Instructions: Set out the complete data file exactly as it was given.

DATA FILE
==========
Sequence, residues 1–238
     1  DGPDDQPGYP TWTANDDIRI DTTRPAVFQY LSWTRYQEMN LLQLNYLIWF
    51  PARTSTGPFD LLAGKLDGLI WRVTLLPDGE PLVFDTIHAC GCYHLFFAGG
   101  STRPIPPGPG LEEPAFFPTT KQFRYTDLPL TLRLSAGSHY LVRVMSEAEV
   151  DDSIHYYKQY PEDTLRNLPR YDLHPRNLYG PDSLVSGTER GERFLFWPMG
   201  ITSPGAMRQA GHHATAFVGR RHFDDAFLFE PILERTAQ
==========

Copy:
Sequence, residues 1–238
     1  DGPDDQPGYP TWTANDDIRI DTTRPAVFQY LSWTRYQEMN LLQLNYLIWF
    51  PARTSTGPFD LLAGKLDGLI WRVTLLPDGE PLVFDTIHAC GCYHLFFAGG
   101  STRPIPPGPG LEEPAFFPTT KQFRYTDLPL TLRLSAGSHY LVRVMSEAEV
   151  DDSIHYYKQY PEDTLRNLPR YDLHPRNLYG PDSLVSGTER GERFLFWPMG
   201  ITSPGAMRQA GHHATAFVGR RHFDDAFLFE PILERTAQ